Common Names: Cuban Wax Palm, Guano Palm, Cano Palm, Guano Espinoso
Family: Arecacea/Palmae (palm Family)
Palm Attracts Birds Drought Tolerant Has Ornamental (non-edible)
Fruit Has evergreen foliage Has Unusual or Interesting Foliage
Cuban wax palm
The Cuban wax palm is a great small palm for dry sunny hot spots.
The Cuban wax palm is a handsome ornamental palm of moderate
dimensions. The circular gray waxy leaves of the Cuban wax palm
spread out like fans on long, thin stems (petioles). Up to 40 leaves
form a very characteristic circular outline around the top of the
trunk. The smooth columnar trunk can grow up to 1 ft (0.3 m) in
diameter and up to 26 ft (7.9 m) tall. Dainty brown flowers extend
past the leaves on uniquely hairy branches. The flowers are
bisexual, so one Cuban wax palm may produce seeds by itself! The
fruits resemble black marbles, up to 1 in (2.5 m) across.
The Cuban wax palm occurs throughout Cuba in the country's open
savannas, woodlands and in coastal regions, adjacent to mangrove
Light: The Cuban wax palm thrives in full sun.
Moisture: The Cuban Wax Palm is highly tolerant of drought, but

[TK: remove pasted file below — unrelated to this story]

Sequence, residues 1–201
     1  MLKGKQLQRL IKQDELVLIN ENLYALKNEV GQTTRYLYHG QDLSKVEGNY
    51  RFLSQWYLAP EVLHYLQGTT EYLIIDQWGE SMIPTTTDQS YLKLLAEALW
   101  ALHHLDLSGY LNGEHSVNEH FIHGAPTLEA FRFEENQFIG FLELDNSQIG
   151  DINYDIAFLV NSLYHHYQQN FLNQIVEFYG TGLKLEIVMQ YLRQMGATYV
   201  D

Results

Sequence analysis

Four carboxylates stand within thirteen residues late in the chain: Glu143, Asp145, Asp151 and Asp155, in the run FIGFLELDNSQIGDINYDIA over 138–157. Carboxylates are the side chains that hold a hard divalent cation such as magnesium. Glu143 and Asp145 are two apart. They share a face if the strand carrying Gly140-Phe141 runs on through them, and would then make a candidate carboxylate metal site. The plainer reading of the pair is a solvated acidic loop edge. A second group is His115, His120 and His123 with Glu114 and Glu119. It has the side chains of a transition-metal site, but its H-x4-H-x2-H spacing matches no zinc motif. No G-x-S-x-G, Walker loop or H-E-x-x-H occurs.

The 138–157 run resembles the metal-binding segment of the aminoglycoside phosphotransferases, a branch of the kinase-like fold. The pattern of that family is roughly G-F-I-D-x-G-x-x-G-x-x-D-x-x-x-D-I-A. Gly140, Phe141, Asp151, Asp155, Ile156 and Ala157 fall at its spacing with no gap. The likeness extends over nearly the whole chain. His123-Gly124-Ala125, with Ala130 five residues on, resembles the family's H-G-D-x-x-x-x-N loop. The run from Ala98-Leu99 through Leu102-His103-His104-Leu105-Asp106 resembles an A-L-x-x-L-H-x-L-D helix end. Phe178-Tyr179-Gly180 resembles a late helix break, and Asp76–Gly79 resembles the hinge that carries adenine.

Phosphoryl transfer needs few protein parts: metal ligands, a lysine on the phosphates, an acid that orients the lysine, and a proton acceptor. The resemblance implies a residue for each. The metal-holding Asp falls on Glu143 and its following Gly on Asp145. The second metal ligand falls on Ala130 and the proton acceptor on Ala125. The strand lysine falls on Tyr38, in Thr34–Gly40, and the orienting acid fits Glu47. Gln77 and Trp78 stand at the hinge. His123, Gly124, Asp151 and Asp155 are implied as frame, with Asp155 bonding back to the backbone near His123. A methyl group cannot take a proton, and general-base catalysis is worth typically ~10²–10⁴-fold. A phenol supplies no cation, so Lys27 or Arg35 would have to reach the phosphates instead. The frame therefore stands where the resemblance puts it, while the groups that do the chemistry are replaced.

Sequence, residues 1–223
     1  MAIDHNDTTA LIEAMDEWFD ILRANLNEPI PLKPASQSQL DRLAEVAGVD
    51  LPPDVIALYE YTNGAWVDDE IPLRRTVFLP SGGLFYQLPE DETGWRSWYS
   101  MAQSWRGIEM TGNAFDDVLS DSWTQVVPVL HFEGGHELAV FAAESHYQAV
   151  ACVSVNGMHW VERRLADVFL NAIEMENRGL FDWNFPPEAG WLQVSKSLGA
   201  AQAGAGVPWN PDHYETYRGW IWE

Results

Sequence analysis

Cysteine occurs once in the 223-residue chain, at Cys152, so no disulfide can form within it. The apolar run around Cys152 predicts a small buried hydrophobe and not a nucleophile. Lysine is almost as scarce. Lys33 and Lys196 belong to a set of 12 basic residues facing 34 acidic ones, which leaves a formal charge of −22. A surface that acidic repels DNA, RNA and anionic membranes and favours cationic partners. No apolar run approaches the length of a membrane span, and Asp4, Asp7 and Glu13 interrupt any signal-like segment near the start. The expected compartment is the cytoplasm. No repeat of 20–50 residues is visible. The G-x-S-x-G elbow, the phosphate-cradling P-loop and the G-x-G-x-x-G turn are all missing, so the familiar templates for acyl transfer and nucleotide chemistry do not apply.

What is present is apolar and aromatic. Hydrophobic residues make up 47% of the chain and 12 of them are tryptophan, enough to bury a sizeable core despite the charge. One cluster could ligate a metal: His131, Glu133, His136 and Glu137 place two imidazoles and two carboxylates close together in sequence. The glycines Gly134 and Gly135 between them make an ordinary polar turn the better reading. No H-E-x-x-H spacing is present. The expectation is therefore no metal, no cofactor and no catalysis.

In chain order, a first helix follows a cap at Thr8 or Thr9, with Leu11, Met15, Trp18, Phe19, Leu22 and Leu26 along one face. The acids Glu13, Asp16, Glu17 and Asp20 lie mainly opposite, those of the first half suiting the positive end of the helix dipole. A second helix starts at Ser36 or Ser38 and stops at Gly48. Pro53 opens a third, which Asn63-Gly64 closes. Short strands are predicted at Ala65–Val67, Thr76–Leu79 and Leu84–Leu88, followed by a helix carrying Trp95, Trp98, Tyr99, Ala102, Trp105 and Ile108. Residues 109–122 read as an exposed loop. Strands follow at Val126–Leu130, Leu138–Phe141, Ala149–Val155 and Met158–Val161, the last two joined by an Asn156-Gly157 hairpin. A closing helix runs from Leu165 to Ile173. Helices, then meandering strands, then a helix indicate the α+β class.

thrives in moist soil with excellent drainage.
Hardiness: USDA Zones 10 - 11. Mature and established plants can
tolerate temperatures down to 26ºF (-3.3ºC)
Propagation: By seeds which germinate in 4 to 12 weeks.
The Cuban wax palm belongs to the genus of palms considered by many
to be the most spectacular of American palms. In profile, the Cuban
wax palm is quite striking, with the outline of the leaves forming a
great circular arc around the top of the trunk. This palm is
considered quite a prize outside of Cuba and is now available from
some nurseries and palm seed providers. The Cuban wax palm thrives
in full sun locations in tropical settings, like southern Florida.
In its native Cuba, the hard and durable stems of the Cuban wax
palm are used extensively for fence posts and its leaves are woven
into hats, panniers (load-carriers) and baskets.
This genus of plants was named after the astronomer Nicolaus
Copernicus (1473-1543). The specific part of the name, hospita, is
from the Latin, meaning hospitable, believed to refer to the palm
being a hospitable, welcome home to a wide variety of birds.
The Cuban wax palm has a close cousin, the carnauba wax palm (Copernicia
prunifera) from South America from whose waxy leaf coating is
obtained the carnauba wax used to make automobiles shiny.
The Cuban wax palm is somewhat spiny, so caution is advised when
handling. It is advised not to plant this palm close to walkways.